Rheumatoid Arthritis Vaccine Candidate Suppresses Disease Progression in Mice
Novel vaccine modulates T cell responses in RA.
New data published in Vaccine shows that a rheumatoid arthritis (RA) vaccine candidate inhibited disease progression in animal models.
For the study, investigators sought to test the therapeutic efficacy of Ligand Epitope Antigen Presentation System (LEAPS) vaccines in 2 Th1 cell-drive mouse models of RA, cartilage proteoglycan induced arthritis (PGIA), and PG G1-domain-induced arthritis (GIA).
The DerG-PG70 (now designated CEL-4000) and J-PG70 vaccines were administered to the mice after onset of PGIA or GIA symptoms.
The results of the study showed that the DerG-PG70 vaccine inhibited disease progression in both PGIA and GIA, while the J-PG70 vaccine was ineffective.
In mice treated with DerG-PG70, splenic CD4+ cells were diminished in T helper (Th)1 and Th17 populations, but were abundant in Th2 and regulatory T cells.
In vitro spleen cell-secreted and serum cytokines from mice treated with DerG-PG70 showed a shift from a pro-inflammatory profile to an anti-inflammatory/regulatory profile. Furthermore, the DerG-PG70 peptide tetramers preferentially bound to CD4+ T cells of GIA spleen cells.
“Current treatments for RA focus on the alleviation of symptoms and delaying disease progression,” Dr Zimmerman, senior vice president of research, Cellular Immunology at CEL-SCI Corporation, said in a press release. “Our vaccination approach attempts to treat RA by impacting the pro-inflammatory immune response so that the body’s joints are no longer attacked by it.”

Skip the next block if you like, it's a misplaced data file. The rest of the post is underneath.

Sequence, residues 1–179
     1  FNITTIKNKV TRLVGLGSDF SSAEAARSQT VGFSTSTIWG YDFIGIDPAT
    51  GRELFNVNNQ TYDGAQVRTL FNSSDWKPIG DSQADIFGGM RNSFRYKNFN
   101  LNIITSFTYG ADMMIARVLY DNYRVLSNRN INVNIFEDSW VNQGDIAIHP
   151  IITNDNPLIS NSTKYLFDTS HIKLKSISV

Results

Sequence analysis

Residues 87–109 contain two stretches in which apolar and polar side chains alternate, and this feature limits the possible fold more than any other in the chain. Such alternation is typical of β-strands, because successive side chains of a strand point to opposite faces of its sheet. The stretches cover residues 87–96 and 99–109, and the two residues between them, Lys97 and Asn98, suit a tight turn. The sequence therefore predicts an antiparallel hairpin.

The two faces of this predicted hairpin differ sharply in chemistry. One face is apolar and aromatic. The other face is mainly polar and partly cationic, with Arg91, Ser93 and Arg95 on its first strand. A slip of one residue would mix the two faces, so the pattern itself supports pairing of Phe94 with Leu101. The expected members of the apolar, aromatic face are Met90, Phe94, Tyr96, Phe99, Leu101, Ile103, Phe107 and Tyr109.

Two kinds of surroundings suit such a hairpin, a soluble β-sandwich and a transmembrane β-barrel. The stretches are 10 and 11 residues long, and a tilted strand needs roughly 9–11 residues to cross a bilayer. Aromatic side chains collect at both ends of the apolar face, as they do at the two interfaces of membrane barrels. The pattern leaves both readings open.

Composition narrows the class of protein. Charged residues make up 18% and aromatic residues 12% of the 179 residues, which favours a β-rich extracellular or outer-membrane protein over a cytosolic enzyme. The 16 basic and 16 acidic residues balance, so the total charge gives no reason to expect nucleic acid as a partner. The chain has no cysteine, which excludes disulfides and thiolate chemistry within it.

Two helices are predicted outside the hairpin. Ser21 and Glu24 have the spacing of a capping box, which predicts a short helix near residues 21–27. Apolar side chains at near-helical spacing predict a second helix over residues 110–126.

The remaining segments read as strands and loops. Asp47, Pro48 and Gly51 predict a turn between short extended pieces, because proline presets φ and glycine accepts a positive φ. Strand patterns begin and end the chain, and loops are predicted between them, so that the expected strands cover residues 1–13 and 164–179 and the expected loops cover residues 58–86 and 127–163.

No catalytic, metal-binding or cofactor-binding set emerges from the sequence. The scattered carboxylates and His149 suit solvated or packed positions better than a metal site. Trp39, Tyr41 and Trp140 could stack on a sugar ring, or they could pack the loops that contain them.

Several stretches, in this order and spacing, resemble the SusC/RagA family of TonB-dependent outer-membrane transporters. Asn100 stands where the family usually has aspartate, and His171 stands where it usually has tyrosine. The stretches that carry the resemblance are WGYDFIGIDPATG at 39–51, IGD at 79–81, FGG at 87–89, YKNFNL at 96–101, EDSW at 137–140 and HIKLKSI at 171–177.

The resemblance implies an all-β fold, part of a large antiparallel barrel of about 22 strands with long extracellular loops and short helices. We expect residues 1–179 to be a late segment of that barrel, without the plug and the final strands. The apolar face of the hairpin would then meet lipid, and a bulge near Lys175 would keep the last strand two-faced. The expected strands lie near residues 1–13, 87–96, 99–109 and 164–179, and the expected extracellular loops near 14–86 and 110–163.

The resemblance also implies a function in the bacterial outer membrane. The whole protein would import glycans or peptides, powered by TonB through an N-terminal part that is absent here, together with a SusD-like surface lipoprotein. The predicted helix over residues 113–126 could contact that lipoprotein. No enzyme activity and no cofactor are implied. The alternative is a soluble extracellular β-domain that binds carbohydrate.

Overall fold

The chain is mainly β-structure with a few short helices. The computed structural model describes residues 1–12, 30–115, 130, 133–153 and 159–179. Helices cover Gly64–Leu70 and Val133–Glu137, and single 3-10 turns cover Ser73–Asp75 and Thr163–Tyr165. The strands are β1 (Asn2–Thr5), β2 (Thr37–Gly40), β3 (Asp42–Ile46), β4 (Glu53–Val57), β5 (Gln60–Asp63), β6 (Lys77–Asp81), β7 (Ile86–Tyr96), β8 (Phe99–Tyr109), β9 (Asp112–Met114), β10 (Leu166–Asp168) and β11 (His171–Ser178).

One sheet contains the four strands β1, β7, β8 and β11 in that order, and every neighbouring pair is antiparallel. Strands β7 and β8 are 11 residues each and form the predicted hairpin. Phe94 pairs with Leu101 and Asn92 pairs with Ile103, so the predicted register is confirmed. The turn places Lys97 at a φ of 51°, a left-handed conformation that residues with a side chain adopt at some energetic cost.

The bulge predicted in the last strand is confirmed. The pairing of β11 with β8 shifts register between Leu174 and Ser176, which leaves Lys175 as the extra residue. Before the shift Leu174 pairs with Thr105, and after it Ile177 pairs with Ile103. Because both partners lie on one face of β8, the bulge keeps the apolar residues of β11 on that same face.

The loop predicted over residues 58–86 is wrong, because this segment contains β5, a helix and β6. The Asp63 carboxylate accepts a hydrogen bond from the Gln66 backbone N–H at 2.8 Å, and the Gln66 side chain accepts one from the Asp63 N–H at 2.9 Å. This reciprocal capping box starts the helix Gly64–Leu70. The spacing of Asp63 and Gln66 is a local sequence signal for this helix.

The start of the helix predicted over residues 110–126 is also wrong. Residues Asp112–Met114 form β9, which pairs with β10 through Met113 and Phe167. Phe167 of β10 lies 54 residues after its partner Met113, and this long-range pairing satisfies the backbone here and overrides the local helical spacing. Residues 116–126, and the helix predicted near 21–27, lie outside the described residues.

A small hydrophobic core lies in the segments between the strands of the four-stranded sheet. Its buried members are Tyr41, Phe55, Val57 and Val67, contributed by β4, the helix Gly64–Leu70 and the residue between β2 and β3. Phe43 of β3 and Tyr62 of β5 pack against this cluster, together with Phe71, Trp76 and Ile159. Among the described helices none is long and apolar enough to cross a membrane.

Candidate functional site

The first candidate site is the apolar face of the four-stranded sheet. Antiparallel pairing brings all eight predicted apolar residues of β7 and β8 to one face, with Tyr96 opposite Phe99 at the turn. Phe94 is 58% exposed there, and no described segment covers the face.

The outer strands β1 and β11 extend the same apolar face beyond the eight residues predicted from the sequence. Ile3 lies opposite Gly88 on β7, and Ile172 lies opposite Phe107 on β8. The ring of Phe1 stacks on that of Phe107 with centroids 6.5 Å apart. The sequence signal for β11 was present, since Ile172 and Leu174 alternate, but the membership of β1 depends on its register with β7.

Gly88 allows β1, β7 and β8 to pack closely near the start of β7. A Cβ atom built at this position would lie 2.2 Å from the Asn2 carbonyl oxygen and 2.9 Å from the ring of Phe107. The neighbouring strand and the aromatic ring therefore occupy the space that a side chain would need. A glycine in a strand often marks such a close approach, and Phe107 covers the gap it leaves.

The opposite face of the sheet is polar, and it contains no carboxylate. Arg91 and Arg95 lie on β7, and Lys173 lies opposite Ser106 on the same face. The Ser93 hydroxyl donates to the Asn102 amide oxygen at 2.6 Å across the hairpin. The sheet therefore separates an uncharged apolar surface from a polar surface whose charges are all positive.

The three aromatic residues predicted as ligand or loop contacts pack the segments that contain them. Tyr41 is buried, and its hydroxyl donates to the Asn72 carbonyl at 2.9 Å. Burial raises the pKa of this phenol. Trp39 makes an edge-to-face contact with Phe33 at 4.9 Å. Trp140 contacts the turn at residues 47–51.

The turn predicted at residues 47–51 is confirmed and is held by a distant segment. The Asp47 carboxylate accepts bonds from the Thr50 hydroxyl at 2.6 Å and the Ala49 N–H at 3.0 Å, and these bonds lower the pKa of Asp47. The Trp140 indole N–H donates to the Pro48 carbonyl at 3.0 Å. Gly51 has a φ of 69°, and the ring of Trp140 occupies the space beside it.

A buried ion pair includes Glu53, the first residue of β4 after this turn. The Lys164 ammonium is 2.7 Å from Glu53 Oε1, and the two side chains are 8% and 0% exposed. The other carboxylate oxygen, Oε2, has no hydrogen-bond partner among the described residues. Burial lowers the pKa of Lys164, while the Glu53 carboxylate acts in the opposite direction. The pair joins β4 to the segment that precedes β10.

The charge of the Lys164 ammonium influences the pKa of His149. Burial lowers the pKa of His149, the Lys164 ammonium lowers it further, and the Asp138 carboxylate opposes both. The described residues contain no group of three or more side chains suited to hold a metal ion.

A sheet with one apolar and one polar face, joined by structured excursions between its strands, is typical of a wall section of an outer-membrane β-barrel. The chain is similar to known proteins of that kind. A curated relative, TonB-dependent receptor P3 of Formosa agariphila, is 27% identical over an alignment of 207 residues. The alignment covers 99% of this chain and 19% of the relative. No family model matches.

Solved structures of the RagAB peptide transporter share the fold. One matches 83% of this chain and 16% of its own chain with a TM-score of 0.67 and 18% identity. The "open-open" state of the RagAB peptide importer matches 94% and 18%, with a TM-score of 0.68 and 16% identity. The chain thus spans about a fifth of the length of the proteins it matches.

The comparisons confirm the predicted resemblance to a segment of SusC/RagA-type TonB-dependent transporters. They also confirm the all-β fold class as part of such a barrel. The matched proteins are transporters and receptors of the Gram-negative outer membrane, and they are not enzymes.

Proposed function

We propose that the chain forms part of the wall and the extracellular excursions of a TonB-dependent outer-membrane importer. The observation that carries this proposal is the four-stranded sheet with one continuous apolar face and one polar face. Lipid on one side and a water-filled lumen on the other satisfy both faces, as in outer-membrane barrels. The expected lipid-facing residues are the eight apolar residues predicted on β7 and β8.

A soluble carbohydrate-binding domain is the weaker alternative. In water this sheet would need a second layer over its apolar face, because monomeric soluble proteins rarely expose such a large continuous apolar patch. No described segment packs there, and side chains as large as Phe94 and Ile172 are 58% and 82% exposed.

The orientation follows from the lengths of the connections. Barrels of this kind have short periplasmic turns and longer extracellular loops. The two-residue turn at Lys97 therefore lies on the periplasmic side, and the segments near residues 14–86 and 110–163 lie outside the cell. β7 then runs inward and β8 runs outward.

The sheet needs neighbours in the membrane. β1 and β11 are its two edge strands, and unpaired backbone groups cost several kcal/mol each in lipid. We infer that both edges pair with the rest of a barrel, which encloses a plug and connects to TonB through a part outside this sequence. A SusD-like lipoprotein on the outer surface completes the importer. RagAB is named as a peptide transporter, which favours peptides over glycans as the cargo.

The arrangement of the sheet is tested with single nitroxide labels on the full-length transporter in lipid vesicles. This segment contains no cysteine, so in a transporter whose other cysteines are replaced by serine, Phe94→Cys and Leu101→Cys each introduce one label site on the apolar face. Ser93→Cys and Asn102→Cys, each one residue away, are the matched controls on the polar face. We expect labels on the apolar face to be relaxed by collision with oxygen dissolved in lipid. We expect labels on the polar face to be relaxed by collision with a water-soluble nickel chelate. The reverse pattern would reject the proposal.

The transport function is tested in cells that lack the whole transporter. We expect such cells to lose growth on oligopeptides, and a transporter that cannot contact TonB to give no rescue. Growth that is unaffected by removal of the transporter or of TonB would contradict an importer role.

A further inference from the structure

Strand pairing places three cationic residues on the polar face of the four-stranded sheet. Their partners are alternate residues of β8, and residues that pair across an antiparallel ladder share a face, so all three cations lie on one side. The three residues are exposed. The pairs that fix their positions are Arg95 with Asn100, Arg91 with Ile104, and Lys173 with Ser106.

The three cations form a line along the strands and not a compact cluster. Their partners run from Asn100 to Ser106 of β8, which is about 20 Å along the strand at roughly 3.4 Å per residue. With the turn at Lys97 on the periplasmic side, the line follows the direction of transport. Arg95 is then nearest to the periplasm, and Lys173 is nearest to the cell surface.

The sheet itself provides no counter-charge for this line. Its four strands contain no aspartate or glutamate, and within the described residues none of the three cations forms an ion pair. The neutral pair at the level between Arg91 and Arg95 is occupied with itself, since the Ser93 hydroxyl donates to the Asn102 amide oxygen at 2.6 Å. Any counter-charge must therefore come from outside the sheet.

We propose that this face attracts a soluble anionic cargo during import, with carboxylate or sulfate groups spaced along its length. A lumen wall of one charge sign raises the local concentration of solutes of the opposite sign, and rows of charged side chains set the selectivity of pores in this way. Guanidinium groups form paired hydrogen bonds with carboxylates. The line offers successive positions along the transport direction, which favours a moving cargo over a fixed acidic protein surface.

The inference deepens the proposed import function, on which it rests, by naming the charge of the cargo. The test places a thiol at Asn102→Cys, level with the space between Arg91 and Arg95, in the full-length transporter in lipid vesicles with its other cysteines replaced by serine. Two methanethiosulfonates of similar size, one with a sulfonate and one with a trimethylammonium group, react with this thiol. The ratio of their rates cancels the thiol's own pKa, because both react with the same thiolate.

The DerG-PG70 vaccine exerts its therapeutic effect by interacting with CD4+ cells, resulting in an antigen-specific down-modulation of pathogenic T cell responses in both the PGIA and GIA models of RA, according to the authors.
“Based on these data and results from prior studies, we believe [DerG-PG70] could be a potentially valuable asset to the treatment of rheumatoid arthritis and it could be positioned as a first-line treatment to inhibit disease progression in newly diagnosed patients,” Geert Kersten, CEO of CEL-SCI, said in a release. “We are pleased to advance the development of [DerG-PG70] through the support of the National Institutes of Health (NIH) and look forward to advancing it into clinical trials in the future.”
The study was supported in part by funding of a phase 1 Small Business Innovation Research grant from the NIH’s National Institute of Arthritis Muscoskeletal and Skin Diseases, the release stated.